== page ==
The Hoffa administration needs to level with the membership about its plans. Does the IBT intend to enforce the agreement or not?
If YRC legitimately can’t afford to make the pension contributions and stay in business, then what? Will Hoffa insist that YRC gradually increase its pension contributions?
And what about Teamsters who would be adversely affected by the pension contribution freeze?
Teamsters in the West have been promised “PEER 80” early retirement: a full pension if your age plus years of service adds to 80. But, if you have less than 25 years service, you do not qualify for PEER 80 if you have not worked for a contributing employer for one year when you reach 80.
If YRC does not come back in the fund early next year, many could be giving up their eligibility for early retirement, too. Does the Hoffa administration have a plan to protect these freight Teamsters?
What do you think? Click here to send your comments to the TDU Freight Committee.
February 26, 2010: The Teamsters and YRCW are working together to support proposed pension legislation that would help both the company and union pension plans.
It’s up to our union to make sure that Teamster retirees are protected in the process.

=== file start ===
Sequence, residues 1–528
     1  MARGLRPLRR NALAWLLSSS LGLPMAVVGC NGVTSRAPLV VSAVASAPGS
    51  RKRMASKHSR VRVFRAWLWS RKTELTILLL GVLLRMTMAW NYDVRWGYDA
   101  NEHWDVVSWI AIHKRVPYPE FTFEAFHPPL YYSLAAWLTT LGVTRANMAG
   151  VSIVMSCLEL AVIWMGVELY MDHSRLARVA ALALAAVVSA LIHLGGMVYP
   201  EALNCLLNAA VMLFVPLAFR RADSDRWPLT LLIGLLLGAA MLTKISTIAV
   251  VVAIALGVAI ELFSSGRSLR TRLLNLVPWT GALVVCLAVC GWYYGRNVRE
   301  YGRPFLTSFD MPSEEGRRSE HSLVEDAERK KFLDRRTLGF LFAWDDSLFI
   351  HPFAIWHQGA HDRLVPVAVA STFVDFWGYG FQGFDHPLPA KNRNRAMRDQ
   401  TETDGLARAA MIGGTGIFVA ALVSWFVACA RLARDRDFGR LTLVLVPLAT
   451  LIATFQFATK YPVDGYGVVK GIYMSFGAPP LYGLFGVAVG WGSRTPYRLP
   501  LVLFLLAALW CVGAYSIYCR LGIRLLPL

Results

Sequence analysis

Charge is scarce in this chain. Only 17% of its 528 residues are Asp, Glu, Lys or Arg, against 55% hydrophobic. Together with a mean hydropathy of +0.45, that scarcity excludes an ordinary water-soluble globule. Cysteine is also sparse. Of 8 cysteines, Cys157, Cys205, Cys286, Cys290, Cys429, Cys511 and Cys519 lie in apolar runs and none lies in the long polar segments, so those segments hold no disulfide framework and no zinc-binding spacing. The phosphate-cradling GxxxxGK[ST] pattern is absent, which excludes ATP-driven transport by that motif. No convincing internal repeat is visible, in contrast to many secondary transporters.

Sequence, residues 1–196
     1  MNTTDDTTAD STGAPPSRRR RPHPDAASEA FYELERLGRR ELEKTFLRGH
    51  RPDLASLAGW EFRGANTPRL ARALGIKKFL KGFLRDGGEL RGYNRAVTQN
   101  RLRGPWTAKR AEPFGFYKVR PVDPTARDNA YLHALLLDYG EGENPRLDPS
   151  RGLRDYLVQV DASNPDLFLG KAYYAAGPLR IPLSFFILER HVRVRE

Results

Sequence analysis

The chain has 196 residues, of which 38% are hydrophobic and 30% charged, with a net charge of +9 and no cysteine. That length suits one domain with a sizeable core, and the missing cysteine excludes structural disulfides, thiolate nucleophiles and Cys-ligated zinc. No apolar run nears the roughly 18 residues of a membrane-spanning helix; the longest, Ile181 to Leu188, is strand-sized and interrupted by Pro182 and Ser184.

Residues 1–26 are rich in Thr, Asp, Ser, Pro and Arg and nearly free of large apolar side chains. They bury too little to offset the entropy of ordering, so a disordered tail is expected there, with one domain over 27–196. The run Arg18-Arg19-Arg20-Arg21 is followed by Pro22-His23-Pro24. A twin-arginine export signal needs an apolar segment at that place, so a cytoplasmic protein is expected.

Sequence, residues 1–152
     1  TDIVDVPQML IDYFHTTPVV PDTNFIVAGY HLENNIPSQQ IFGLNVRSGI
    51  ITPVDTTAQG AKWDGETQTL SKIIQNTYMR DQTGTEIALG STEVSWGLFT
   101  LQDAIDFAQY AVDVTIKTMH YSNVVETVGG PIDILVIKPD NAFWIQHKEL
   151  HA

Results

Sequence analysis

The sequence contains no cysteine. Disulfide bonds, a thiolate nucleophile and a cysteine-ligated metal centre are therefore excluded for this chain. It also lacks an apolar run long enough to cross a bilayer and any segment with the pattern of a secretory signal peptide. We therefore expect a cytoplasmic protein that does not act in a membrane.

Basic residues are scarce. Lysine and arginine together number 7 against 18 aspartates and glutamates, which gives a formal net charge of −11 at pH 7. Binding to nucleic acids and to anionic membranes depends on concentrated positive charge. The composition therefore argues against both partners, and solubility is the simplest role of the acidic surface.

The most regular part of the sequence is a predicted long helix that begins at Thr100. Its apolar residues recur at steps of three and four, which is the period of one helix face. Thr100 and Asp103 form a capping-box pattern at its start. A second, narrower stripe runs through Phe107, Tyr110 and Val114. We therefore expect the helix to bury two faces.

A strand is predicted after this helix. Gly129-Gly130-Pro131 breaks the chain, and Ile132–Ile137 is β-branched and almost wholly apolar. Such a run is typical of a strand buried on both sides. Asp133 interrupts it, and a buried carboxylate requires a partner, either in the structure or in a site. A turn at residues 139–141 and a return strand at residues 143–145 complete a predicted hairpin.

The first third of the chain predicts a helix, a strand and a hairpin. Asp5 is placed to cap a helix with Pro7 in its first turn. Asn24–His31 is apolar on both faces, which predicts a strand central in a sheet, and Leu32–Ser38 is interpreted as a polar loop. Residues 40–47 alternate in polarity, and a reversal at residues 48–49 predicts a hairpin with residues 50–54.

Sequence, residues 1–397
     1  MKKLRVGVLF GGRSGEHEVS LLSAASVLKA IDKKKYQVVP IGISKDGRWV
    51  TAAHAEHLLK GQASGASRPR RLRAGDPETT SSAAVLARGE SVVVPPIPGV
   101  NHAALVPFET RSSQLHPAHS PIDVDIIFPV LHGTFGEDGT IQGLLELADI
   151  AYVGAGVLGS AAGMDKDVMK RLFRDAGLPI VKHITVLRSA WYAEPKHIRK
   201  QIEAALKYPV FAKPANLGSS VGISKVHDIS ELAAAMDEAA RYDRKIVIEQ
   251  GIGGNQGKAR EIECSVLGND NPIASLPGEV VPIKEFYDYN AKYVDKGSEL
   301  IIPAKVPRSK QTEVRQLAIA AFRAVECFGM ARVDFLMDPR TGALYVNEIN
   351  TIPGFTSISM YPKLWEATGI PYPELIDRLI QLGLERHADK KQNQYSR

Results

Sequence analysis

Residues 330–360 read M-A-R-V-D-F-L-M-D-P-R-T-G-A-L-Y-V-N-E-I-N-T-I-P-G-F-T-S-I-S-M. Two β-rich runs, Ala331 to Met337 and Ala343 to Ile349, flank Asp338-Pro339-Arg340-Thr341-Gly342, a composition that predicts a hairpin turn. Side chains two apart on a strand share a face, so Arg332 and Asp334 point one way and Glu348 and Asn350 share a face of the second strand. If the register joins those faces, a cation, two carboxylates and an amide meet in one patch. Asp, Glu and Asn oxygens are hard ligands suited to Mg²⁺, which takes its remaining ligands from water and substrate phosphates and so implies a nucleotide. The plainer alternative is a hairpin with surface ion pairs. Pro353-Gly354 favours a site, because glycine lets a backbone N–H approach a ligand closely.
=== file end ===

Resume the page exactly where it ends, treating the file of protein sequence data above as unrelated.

The Teamsters Union and YRCW are both supporting proposed legislation to strengthen union pension plans.
One aspect of the proposed legislation would give funds more time to recover from the stock market collapse. This is widely supported by industry, labor and multi-employer pension plans. The logjam created by disputes over health care legislation has meant this pension change has not moved forward, but hopefully it will be enacted soon.
Another part of the bill could lead to taking retirees from companies that have gone out of business and separating them out from our union pension plans. The legislation would strengthen union pension plans by making the Pension Benefit Guaranty Corporation (PBGC) responsible for some of their pension fund liabilities.
The Teamsters Union is supporting House Bill 3936, sponsored by by Earl Pomeroy (D-ND) and Pat Tiberi (R-OH), which would provide this funding relief.How the Bill Works